In the late 90s, a series of books claimed to have used statistical methods to detect hidden messages planted by God in the Bible. The bible code hoax remains a fascinating study in human credulity, but, as this post is already far too long, RSR will simply refer readers who want to learn more to these excellent resources:

Hidden Messages and The Bible Code by Dave Thomas in the Skeptical Inquirer

Scientific Refutation of the Bible codes by Brendan McCay

Mathematicians Statement on the Bible Codes

Both Johnson and Dembski wrote favorable reviews of Cracking the Bible Code, a book touting the existence of a hidden code concealed in the Bible, by Jeffrey Satinover. In a 1998 review written for First Things, Dembski wrote:

At the same time that research in the Bible Code has taken off, research in a seemingly unrelated field has taken off as well, namely, biological design. These two fields are in fact closely related. Indeed, the same highly improbable, independently given patterns that appear as the equidistant letter sequences in the Bible Code appear in biology as functionally integrated ("irreducibly complex") biological systems, of the sort Michael Behe discussed in Darwin’s Black Box.

The relevant statistical methodology is identical for both fields. As a result, the two fields stand to profit from each other.

After recommending Satinover's book in a 1997 review, also published in First Things, Johnson first laid out the case now taken up by Teresi:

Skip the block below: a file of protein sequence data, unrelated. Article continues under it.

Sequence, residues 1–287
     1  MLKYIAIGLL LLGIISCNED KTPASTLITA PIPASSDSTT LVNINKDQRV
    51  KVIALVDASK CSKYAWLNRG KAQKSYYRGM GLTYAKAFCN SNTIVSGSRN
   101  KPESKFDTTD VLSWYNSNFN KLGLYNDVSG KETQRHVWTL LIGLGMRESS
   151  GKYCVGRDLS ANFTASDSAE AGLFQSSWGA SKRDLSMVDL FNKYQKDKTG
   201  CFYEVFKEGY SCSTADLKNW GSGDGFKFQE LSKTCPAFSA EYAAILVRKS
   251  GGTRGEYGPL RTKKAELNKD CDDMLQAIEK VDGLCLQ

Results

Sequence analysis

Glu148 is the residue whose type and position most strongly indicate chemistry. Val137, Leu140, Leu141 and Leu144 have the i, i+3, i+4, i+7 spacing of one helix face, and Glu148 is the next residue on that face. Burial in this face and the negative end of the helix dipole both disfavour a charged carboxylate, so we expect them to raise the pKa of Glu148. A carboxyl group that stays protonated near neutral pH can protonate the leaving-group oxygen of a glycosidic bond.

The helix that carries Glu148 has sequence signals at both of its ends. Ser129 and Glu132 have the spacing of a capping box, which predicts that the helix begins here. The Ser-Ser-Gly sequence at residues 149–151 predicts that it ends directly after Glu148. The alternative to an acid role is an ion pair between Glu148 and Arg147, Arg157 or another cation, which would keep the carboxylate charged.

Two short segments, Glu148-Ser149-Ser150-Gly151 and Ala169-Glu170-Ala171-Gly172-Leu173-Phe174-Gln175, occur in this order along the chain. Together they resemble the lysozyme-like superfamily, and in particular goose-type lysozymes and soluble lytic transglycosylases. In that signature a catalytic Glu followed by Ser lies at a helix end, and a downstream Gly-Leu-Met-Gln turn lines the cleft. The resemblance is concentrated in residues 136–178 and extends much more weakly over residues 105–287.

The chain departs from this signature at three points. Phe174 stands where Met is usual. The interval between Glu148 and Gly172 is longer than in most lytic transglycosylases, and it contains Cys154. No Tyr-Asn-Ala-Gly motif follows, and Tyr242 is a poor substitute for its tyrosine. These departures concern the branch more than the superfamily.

Evolutionary biology, whether practiced by strict materialists, theists, or Aristotelian teleologists, bears a striking resemblance to alchemy.

Teresi's assertion that evolution is not falsifiable is wrong. All it would take to falsify evolution, is the discovery of a rock strata containing the fossilized remains of both humans and dinosaurs – or any combination of species that the theory explains as being separated by millions of years of evolution. This has yet to happen.

Evolution might also be falsified by the discovery of an island, such as the one envisioned in King Kong, where the 99.9 percent of species now extinct might still be found alive.

If believers Behe, Johnson, and Dembski are correct about the role of God and the Bible, evolution might also be falsified if Jesus, bearing a flaming silver sword in his right hand, rode a snow-white stallion across the sky. God was immanent then, why not now?

Of course RSR, condemned as always to play the skeptic, will insist the event be witnessed by believers and non-believers alike. Tortillas or grilled cheese sandwiches bearing the likeness of the Virgin Mary just won't get it.

The fact is, there is a direct link between astrology, the bible codes, and intelligent design, and it can be found equally in the perception of meaning in the relationship of the stars, the belief in a hidden code in the Bible, and the inference of design in the structure of DNA. All appeal to the credulous, the gullible, and to those who want more than anything else, to believe that some outside force – God or the stars -- must give meaning and purpose to their lives.

The curious and the courageous among us will have to make do with evidence-based science. It may not be as flashy, but it appeals to those who understand that the real means of investing our lives with meaning and purpose are to be found, not in the heavens above, but right down here on the ground, in the human heart and mind.